When Leaders Let You Down

Disappointed young man, Katarzyna Wojtasik / Shutterstock.com

Disappointed young man, Katarzyna Wojtasik / Shutterstock.com

Editor's Note: This post was adapted from Sunday's message at The District Church in Washington, D.C.

Psychiatrist M. Scott Peck writes in his book The Road Less Traveled that one of the stages of growing up is “giving up the distorted images of one’s parents” — in other words, realizing that they’re not perfect. This also holds true for other leaders in our lives. We learn that our political leaders, our youth group leaders, our mentors, our teachers aren’t perfect. This isn’t always a bad thing, because sometimes we feel like our leaders let us down, but it’s actually because we had unrealistic expectations of them — such as being perfect, such as never making mistakes, such as not doing everything you want them to do.

(Pretty much nobody I know does everything I want them to do. That doesn’t make them failures; that makes me have to examine what kind of expectations I’m putting on them!)

So I’m not talking about that kind of let-down. I’m talking about those situations we’ve all experienced where we’ve been let down by some kind of failure on the leader’s part. Just this week, Pastor David Yonggi Cho, the founder of one of the largest churches in the world — 750,000 people, and he’d been pastor there for almost five decades — was found guilty of embezzling almost $12 million . I’m talking about that kind of let down. I’m talking about:

  • a father who wasn’t present—physically or emotionally,
  • a pastor who had an affair,
  • a youth leader who ended up turning away from God.

Those are the ones that are most devastating, right? But it doesn’t even have to be that dramatic. It could be a small group leader who wasn’t present when you were going through something, a supervisor or boss at work who doesn’t listen or seem to care.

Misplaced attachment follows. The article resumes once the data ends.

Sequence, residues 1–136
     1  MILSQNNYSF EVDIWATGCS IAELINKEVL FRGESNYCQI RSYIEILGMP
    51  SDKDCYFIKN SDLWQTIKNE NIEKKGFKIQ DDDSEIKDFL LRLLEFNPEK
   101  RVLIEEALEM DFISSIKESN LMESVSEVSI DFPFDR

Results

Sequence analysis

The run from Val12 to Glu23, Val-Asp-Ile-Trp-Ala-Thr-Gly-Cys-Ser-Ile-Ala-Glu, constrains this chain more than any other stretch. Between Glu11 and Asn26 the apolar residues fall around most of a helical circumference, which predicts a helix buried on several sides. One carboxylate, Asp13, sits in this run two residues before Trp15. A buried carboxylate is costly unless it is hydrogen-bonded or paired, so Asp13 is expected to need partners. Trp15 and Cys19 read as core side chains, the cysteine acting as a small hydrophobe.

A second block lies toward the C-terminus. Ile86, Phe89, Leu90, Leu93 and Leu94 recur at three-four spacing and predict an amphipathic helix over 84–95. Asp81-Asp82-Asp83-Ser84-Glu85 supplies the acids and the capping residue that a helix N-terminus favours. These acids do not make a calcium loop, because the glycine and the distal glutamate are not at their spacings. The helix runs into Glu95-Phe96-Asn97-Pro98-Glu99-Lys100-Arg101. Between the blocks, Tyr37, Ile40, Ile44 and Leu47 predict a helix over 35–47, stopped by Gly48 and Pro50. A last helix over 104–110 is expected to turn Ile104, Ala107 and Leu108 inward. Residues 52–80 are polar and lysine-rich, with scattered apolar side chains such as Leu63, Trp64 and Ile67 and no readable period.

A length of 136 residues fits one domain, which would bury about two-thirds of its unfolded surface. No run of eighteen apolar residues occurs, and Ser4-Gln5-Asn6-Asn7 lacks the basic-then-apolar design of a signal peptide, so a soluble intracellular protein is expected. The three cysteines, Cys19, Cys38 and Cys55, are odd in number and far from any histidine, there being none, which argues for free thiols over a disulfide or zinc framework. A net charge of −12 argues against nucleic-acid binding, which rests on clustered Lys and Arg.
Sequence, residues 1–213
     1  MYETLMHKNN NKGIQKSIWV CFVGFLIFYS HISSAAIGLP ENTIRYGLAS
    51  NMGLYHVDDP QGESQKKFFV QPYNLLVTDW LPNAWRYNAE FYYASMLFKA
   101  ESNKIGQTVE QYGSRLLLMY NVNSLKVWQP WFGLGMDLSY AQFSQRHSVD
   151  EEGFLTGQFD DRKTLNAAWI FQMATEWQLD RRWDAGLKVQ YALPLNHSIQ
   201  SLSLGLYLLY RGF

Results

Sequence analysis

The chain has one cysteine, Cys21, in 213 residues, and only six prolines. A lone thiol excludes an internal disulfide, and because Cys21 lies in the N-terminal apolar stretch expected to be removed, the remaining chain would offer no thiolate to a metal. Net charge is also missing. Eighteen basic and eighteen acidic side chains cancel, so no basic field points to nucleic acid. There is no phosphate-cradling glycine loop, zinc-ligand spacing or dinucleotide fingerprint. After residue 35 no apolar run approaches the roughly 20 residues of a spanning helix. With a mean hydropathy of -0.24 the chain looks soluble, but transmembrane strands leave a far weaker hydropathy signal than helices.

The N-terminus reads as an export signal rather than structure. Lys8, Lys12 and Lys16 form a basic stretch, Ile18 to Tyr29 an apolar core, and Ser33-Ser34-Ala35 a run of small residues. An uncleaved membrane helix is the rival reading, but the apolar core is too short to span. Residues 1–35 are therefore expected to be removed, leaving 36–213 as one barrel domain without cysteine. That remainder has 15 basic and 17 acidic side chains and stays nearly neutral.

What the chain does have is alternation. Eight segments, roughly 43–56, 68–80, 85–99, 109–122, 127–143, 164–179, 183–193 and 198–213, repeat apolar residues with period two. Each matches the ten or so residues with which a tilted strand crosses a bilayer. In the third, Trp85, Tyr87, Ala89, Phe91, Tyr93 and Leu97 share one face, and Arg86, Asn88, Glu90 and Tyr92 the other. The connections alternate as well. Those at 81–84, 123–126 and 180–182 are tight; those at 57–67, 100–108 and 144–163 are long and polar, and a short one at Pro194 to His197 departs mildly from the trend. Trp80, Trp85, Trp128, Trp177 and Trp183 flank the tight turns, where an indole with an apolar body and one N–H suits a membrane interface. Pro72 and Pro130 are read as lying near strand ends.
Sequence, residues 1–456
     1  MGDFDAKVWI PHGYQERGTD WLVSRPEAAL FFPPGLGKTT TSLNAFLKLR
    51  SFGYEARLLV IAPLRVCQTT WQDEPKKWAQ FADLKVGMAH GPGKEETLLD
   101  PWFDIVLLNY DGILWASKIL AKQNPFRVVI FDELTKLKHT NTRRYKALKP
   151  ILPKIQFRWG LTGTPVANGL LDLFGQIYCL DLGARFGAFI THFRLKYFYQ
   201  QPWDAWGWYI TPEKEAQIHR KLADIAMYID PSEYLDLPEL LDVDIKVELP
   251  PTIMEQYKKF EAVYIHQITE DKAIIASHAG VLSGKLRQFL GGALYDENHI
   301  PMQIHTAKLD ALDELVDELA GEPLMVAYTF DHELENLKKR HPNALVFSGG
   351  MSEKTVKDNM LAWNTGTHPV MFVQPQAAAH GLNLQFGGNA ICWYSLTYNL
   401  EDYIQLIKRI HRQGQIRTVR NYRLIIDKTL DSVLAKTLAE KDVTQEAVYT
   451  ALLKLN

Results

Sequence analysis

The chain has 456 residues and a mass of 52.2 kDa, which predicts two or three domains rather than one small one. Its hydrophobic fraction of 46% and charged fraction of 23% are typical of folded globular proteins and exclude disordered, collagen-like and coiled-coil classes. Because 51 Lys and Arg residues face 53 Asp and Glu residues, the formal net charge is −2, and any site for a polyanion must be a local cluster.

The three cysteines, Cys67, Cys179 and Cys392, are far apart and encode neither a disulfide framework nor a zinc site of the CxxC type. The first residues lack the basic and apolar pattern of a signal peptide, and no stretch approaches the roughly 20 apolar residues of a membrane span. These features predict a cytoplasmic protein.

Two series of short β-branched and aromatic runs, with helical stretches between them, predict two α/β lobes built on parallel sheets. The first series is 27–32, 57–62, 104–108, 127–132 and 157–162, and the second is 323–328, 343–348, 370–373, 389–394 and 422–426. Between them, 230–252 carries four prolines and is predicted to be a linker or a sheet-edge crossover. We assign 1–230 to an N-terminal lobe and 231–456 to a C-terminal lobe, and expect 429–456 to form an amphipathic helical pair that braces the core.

The Most Ignored and Undervalued People Within Churches Today


People with disabilities are among those often ignored by churches. Bocman1973/Shutterstock.com

Churches are supposed to be communities that represent Christ’s infinite love — and many of them do — but certain groups of people seem to be continually ignored, alienated, undervalued, and simply lost within American churches. Leadership structures, social expectations, religious values, and traditions within faith communities have a tendency to favor some groups but not others, resulting in discrimination instead of equality, exclusion instead of acceptance, and prejudice instead of fairness. 

Skeptics Wonder if Ex-Clergy Should Lead Atheist Movements

Photo courtesy of RNS

Jerry DeWitt, a former Pentecostal preacher, came to be an atheist while still preaching in the pulpit. Photo courtesy of RNS

By definition, skeptics are pretty skeptical. They question what they see as unfounded claims or dubious motivations, whatever the source. Now, they are questioning some of their own leaders.

With the success of organizations such as The Clergy Project — an online community seeking to provide a safe place for clergy members who reject supernatural beliefs — numerous former ministers are joining the ranks of the publicly nontheistic.

Some have risen to the leadership of prominent atheist organizations. Last week, Teresa MacBain was dismissed from her high-profile position at Harvard University’s Humanist Community after it was revealed she inflated her resume. The former United Methodist pastor claimed a degree from Duke Divinity School she did not have.